Going home, the high-speed way

Updated: 2014-12-08 11:04


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BEIJING - While most office workers in central Beijing head home by bus or subway after a hard day's work, Lyu Biao goes home by high-speed train.

Lyu lives in Tianjin, some 120 kilometers away from central Beijing. Every morning, he takes the subway from home to Tianjin Railway Station, where he boards a high-speed train to Beijing South Railway Station, followed by another subway journey. It's the same trip in reverse to get home.

The expanding high-speed train network and property prices in big cities have seen the birth of the "high-speed train tribe."

This demographic came to light when Lyu Biao posted his daily routine on his microblog, attracting media attention and prompting a heated online discussion.

Some questioned Lyu's lifestyle, spending about four hours on the road every day and roughly 2,600 yuan ($423) a month on transportation, more than enough to board in Beijing.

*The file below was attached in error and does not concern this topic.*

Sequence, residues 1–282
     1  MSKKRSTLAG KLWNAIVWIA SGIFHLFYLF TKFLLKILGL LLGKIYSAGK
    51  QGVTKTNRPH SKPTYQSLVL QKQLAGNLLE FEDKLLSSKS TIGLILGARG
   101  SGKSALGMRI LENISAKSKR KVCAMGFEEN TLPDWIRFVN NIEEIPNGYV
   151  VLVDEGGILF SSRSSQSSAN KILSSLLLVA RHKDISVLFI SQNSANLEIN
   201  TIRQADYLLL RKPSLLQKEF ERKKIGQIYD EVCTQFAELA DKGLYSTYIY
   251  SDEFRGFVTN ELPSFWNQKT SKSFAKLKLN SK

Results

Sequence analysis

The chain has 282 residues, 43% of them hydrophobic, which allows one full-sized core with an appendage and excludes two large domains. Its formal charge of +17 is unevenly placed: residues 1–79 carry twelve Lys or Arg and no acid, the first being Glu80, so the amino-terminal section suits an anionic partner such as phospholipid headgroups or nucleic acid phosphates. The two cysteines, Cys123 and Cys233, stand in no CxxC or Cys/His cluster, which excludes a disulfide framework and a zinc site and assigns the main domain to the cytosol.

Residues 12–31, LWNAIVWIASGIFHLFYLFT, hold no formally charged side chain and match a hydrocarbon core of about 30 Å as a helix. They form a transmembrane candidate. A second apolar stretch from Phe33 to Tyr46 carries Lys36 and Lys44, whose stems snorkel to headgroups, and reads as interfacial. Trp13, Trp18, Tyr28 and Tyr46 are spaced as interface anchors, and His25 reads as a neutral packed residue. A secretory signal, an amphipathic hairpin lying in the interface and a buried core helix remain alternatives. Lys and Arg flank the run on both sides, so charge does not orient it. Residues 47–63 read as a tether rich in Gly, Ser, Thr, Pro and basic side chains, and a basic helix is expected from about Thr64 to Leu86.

"With so much time wasted on road, I'd rather board somewhere and save my time," read one comment.

Others were more supportive, saying that a comfortable high-speed train was much better than being crammed into a sweaty subway car.

Most people simple consider Lyu's way too time consuming and tiring, but the train tribe think otherwise.

Qian Ying, also commutes between Beijing and Tianjin by fast train and is quite used to it. With a courtesy card issued by the rail company, people he is assured of seats in the No 6 car.

"We all sit in the same car and we have become very familiar with each other," Qian told Xinhua.

Having caught wind of the trend, rail operators plan more high-speed trains catering to the needs of the train tribe. Last month, Beijing was connected to Hebei's Langfang city, only 30 kilometers away.

With high-speed trains gaining steam in metropolises like Shanghai and Chengdu, more office workers are likely to jump on the bandwagon of commuting by rail.

"The way home might be tiring, but it' s worth it because I can see my children and enjoy a home cooked meal," Qian said. "These are moments you don't get to enjoy in a boarding house."